Observing this third political continuum, representing a preference for dominance by status quo vested interests at one extreme, vs. embracing disruptive, upwardly mobile forces at the other, sends a multitude of valuable messages regarding how and where the force of democracy can be properly applied, and how enlightened electorates can be empowered. For example, embracing disruptive technologies and encouraging entrepreneurship often requires the dismantling of powerful bureaucracies across the spectra of vested interests – corporations, agencies, and unions. Such an embrace of competition and merit is color-blind and gender-blind, and gives the small players the chance to become big players; it nurtures economic pluralism in a free market. It embodies a version of capitalism that challenges conventional stereotypes.
Using the status-quo vs. upwardly mobile continuum can inform studies examining the reality of worker compensation between those who are lucky enough to work for the government, or belong to powerful private sector unions, and the rest of the workforce, who exist within the meritocracy of the globalized private sector. If you make these comparisons for workforces, the crowing by public employee union spokespersons about “executive compensation” is revealed as a canard, because the privileged members of public sector unions, ultimately, share a preference for the status quo with those wealthy elites. It is not tens of thousands of allegedly overpaid executives, but tens of millions of ordinary private sector workers, blue collar and white collar, non-union and often even those who are unionized, who occupy the other extreme on this new continuum, they are the upwardly mobile who compete in the global economy without special privileges.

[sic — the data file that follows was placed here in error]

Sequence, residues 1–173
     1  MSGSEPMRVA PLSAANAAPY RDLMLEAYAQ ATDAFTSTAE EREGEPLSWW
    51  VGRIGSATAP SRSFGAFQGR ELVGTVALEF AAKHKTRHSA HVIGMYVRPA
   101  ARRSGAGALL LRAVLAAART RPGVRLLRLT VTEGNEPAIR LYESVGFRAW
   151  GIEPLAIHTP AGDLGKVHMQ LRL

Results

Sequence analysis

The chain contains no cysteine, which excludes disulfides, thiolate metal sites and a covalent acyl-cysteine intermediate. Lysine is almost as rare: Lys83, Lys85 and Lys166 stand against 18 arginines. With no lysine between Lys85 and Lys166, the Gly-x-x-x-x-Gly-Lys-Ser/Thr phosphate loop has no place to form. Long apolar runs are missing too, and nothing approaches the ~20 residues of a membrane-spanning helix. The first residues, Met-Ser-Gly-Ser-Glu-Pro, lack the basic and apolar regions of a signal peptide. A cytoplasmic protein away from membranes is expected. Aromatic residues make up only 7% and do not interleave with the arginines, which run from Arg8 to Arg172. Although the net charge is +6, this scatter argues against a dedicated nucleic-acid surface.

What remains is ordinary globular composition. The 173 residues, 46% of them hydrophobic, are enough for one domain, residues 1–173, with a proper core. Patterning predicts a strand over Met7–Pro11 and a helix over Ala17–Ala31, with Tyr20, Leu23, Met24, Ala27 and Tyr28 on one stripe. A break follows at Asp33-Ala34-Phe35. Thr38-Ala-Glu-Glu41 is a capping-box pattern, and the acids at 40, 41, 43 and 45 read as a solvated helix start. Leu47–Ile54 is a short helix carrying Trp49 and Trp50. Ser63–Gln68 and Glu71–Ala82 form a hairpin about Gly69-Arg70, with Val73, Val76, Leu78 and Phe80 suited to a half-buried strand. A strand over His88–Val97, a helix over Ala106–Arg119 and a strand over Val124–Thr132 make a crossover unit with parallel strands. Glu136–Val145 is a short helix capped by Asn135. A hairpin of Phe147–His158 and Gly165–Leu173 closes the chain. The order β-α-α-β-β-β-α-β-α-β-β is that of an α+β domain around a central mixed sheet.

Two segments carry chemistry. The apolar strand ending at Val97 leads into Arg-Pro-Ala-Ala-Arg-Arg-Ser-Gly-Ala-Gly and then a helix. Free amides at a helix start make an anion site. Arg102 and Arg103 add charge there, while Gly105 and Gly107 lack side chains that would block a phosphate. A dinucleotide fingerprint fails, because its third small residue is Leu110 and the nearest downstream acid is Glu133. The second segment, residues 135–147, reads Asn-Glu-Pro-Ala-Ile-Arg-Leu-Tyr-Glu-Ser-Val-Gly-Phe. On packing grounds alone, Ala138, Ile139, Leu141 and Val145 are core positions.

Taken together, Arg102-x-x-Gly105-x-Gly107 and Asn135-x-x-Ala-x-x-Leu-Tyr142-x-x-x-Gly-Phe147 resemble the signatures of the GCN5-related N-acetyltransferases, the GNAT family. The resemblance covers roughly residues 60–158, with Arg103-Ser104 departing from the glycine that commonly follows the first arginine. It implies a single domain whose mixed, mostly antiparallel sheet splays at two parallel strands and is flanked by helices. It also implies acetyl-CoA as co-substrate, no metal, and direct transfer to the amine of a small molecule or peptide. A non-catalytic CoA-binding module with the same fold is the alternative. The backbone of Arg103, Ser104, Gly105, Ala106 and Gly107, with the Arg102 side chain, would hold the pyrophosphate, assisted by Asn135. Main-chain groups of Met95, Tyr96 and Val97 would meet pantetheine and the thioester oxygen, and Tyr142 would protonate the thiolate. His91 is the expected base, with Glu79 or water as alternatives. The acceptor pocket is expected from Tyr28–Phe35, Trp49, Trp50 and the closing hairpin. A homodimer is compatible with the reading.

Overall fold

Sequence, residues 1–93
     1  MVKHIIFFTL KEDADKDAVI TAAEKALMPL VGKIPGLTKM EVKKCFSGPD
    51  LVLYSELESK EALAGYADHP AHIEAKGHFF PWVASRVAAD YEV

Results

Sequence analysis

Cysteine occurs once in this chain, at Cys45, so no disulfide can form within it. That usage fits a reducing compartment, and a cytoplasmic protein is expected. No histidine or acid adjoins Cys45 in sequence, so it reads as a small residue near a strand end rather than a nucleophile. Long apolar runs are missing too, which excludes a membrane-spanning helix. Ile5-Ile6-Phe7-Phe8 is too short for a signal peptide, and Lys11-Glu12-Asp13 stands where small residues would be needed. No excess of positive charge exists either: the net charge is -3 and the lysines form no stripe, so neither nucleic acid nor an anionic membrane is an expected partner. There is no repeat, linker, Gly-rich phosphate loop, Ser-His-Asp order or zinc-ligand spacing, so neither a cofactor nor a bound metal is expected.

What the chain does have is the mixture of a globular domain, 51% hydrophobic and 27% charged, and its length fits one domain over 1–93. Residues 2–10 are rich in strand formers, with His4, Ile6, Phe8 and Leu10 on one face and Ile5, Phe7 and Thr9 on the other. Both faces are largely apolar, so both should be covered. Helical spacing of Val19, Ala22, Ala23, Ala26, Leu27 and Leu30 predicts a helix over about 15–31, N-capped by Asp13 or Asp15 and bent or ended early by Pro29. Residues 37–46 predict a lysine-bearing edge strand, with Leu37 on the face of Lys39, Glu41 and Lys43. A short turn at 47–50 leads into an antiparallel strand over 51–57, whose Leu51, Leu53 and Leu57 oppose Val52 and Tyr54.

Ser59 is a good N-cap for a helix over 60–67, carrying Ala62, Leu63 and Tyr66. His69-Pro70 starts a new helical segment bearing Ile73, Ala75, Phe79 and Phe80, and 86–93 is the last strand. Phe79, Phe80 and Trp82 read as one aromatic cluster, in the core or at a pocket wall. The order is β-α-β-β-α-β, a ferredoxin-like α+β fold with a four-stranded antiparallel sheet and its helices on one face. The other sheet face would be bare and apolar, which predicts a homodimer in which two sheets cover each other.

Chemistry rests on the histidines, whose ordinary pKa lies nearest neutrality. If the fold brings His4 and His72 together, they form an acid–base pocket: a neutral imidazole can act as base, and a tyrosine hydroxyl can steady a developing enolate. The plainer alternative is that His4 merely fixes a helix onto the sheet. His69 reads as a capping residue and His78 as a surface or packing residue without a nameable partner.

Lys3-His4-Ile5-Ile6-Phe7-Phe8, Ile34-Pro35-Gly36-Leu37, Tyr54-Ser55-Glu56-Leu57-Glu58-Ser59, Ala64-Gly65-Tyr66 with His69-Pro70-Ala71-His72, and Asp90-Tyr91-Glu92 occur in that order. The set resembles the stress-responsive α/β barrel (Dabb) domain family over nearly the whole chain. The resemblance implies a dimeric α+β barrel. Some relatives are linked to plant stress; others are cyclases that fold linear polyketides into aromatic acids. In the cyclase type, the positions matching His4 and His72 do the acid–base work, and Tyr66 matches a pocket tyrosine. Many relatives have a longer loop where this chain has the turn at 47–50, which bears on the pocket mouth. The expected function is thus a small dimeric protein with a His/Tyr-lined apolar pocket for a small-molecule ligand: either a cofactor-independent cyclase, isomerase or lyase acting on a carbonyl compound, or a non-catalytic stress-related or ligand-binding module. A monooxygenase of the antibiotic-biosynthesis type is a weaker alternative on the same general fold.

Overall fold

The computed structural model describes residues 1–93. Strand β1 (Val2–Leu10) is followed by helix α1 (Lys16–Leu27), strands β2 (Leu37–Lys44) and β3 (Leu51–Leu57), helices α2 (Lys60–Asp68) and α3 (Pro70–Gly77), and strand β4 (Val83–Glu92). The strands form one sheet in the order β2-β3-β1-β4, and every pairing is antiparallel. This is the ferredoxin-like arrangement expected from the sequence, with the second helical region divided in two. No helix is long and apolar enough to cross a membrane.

If the voter demographics in the United States today could be quantified along the status-quo vs. upwardly mobile continuum – and if the consequences of a status-quo coalition controlling our political economy were adequately explained – it is likely a majority of the electorate would not prefer the status quo. But it is not social conservative vs social liberal criteria, or statist vs. libertarian criteria, that depicts this version of a society’s drift to an extreme. The commendable centrist middle squares within the two-dimensional political model described earlier do not recognize the extreme of status quo power, the reality of big government, big corporations, and big labor working in concert to perpetuate privilege and suppress competition.
Only by visualizing and aspiring to the centrist space within a cube that represents these three very distinct value continua can policymakers and policy advocates who aspire to a healthy democracy properly diagnose and cure the extreme of collusion between corporations, government, and unions, and place the other more conventional versions of left and right into their proper perspective.
Edward Ring is a contributing editor and senior fellow with the California Policy Center, which he co-founded in 2013 and served as its first president. He is also a senior fellow with the Center for American Greatness, and a regular contributor to the California Globe. His work has appeared in the Los Angeles Times, the Wall Street Journal, the Economist, Forbes, and other media outlets.